Structure of the Sayings
One of the pioneering achievements of the scholars of l'Association Metanoia was to identify that the sayings in the Gospel of Thomas are made up from short phrases. By following their example it can be seen that the Gospel is a record of speech, for this is a characteristic of Semitic speech that Jesus would have used. It is quite different from the Greek form of language with its long sentences comprising linked clauses, which we have inherited. This difference can be seen most clearly by looking at the Lord's Prayer (it is 6:9 - 13 in Matthew's Gospel) and the Farewell Discourses presented in John's Gospel ch.14 ∓ 15. This manner of speaking would have made it easier to commit the sayings to memory.
What is so surprising is that this characteristic is so strong that it has survived translation from the original spoken Aramaic or Greek, through Coptic and into a modern language (if translated faithfully).
However, further consideration shows that Jesus used these phrases in several different ways in building up his sayings. Sometimes he arranged them in an hierarchical sequence, with the significance steadily increasing to the final one. An example is logion 2:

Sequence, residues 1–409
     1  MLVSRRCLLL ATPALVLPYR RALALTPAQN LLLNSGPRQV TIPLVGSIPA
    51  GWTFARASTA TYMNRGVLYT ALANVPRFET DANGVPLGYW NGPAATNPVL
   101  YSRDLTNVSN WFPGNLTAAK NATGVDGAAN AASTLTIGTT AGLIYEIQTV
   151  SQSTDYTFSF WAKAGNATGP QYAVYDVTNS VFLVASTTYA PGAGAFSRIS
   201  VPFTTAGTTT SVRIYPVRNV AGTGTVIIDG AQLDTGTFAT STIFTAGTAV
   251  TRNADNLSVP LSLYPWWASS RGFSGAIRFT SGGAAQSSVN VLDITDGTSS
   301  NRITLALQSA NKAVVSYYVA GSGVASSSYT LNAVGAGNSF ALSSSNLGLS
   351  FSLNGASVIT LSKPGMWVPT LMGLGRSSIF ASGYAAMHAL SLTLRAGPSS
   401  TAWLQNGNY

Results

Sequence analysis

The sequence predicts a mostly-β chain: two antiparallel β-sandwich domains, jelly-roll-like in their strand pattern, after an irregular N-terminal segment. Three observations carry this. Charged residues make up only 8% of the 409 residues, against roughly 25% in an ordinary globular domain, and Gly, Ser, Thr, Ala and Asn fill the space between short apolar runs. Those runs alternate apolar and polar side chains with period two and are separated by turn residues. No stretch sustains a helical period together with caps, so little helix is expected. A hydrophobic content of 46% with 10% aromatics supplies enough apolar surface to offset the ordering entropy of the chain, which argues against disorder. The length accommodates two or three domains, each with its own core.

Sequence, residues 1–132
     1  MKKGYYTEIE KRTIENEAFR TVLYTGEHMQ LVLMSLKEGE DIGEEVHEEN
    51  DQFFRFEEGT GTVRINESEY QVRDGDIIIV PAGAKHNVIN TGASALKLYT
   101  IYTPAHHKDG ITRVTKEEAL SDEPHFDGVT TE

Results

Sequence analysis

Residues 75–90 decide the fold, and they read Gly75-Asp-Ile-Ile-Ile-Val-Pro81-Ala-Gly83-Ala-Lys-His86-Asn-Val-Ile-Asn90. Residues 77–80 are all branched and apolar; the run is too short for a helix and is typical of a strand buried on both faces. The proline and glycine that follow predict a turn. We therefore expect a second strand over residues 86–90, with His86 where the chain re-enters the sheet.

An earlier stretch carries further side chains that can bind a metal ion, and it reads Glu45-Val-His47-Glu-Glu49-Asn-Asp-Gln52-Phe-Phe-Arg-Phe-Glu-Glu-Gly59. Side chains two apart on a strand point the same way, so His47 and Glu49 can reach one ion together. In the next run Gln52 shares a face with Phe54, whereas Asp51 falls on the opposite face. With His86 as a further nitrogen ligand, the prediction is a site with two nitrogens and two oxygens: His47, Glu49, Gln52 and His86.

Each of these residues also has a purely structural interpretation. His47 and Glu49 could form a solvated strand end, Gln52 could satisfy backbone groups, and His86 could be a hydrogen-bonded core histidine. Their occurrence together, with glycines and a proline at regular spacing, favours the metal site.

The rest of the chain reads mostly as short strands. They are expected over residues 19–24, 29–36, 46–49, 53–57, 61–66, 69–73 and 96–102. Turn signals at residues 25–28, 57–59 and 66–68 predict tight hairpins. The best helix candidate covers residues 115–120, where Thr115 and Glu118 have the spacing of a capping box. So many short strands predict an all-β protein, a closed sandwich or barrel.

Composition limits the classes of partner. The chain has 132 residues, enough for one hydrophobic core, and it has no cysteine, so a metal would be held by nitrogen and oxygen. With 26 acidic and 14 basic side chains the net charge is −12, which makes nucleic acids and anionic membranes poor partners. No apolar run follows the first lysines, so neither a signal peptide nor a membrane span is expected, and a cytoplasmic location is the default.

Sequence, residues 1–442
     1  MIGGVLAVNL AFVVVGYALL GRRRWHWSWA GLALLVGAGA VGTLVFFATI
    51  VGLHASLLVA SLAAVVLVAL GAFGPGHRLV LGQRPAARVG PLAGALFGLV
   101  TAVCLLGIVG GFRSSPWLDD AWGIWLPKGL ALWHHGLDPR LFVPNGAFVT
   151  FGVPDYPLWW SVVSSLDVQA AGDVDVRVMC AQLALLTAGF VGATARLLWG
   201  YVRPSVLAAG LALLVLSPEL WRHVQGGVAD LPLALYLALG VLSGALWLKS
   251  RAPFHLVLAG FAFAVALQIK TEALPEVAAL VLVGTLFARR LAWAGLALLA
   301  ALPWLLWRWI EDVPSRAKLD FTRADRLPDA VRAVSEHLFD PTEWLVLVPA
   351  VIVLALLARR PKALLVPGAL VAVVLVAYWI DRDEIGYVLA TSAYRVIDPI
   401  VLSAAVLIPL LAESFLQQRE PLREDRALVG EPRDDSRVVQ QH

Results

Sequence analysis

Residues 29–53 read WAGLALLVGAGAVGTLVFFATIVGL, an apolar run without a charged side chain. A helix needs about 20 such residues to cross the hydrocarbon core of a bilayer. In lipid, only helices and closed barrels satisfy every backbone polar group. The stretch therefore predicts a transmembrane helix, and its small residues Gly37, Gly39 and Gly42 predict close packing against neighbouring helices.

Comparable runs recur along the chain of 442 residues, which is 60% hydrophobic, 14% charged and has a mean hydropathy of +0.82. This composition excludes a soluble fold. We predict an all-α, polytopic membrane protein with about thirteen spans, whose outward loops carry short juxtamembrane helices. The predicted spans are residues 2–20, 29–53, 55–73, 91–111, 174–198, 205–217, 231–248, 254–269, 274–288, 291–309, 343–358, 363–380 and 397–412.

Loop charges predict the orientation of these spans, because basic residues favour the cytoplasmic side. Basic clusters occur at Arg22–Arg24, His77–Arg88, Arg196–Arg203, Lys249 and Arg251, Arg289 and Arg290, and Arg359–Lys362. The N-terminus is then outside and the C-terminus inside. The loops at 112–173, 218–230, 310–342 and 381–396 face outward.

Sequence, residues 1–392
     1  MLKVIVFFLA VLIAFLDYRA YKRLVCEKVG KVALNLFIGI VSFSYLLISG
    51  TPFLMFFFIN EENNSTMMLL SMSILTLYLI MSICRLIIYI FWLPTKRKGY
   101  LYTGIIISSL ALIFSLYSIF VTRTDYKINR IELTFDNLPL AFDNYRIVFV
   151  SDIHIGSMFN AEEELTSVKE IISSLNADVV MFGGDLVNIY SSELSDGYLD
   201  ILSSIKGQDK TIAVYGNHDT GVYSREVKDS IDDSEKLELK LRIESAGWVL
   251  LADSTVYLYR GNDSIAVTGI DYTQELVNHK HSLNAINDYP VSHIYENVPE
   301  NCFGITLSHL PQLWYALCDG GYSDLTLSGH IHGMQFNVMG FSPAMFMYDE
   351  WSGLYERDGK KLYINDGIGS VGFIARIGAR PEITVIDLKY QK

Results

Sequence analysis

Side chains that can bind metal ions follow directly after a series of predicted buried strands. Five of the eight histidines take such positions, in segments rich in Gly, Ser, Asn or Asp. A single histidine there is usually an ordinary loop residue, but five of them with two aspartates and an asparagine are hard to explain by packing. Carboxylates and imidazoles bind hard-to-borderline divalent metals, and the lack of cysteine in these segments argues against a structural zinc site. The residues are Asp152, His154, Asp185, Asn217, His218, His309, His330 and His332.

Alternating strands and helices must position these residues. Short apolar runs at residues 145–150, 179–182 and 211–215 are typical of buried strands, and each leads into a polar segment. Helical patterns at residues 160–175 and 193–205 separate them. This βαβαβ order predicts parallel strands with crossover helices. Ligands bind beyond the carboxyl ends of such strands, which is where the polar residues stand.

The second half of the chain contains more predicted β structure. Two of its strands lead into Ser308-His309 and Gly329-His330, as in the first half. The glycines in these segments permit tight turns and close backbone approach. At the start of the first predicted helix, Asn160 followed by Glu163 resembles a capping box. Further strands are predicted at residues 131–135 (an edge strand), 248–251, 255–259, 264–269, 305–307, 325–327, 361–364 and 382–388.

In other sayings he made contrasting pairs, in which the distinctive feature is that the the second phrase serves to heighten the impact of the first. This can be seen in the latter part of logion 3:
A third way in which Jesus used these short phrases was to create a kind of rhythm. What is important here is to recognize where the emphasis lies in each of the phrases. This can be sensed specially in the second half of logion 22:
The recognition of this phrase structure that Jesus used assists greatly in discerning the import of the hidden inner meanings of his parables.